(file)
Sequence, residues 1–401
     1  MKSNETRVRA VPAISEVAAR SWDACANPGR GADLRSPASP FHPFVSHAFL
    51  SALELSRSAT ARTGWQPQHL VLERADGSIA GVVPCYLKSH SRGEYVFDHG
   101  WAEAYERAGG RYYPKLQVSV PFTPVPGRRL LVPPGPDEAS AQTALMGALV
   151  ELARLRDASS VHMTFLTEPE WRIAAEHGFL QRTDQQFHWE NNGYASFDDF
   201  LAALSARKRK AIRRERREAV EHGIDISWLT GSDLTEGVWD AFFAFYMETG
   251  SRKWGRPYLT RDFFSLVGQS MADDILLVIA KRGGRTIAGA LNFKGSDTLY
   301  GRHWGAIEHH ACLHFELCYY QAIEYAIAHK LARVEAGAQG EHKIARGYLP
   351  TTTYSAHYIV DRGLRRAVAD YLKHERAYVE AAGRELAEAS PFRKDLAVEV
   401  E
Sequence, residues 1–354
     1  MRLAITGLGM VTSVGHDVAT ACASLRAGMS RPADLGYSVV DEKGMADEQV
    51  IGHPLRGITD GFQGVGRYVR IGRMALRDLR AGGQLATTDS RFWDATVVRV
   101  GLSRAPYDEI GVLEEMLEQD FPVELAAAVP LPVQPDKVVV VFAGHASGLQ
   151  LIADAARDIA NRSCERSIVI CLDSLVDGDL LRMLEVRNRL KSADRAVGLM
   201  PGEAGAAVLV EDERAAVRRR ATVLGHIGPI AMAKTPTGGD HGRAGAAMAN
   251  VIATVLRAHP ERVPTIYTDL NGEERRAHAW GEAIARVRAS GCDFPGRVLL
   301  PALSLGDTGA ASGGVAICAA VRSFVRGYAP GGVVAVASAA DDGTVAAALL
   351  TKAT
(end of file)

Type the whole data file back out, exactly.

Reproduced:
Sequence, residues 1–401
     1  MKSNETRVRA VPAISEVAAR SWDACANPGR GADLRSPASP FHPFVSHAFL
    51  SALELSRSAT ARTGWQPQHL VLERADGSIA GVVPCYLKSH SRGEYVFDHG
   101  WAEAYERAGG RYYPKLQVSV PFTPVPGRRL LVPPGPDEAS AQTALMGALV
   151  ELARLRDASS VHMTFLTEPE WRIAAEHGFL QRTDQQFHWE NNGYASFDDF
   201  LAALSARKRK AIRRERREAV EHGIDISWLT GSDLTEGVWD AFFAFYMETG
   251  SRKWGRPYLT RDFFSLVGQS MADDILLVIA KRGGRTIAGA LNFKGSDTLY
   301  GRHWGAIEHH ACLHFELCYY QAIEYAIAHK LARVEAGAQG EHKIARGYLP
   351  TTTYSAHYIV DRGLRRAVAD YLKHERAYVE AAGRELAEAS PFRKDLAVEV
   401  E
Sequence, residues 1–354
     1  MRLAITGLGM VTSVGHDVAT ACASLRAGMS RPADLGYSVV DEKGMADEQV
    51  IGHPLRGITD GFQGVGRYVR IGRMALRDLR AGGQLATTDS RFWDATVVRV
   101  GLSRAPYDEI GVLEEMLEQD FPVELAAAVP LPVQPDKVVV VFAGHASGLQ
   151  LIADAARDIA NRSCERSIVI CLDSLVDGDL LRMLEVRNRL KSADRAVGLM
   201  PGEAGAAVLV EDERAAVRRR ATVLGHIGPI AMAKTPTGGD HGRAGAAMAN
   251  VIATVLRAHP ERVPTIYTDL NGEERRAHAW GEAIARVRAS GCDFPGRVLL
   301  PALSLGDTGA ASGGVAICAA VRSFVRGYAP GGVVAVASAA DDGTVAAALL
   351  TKAT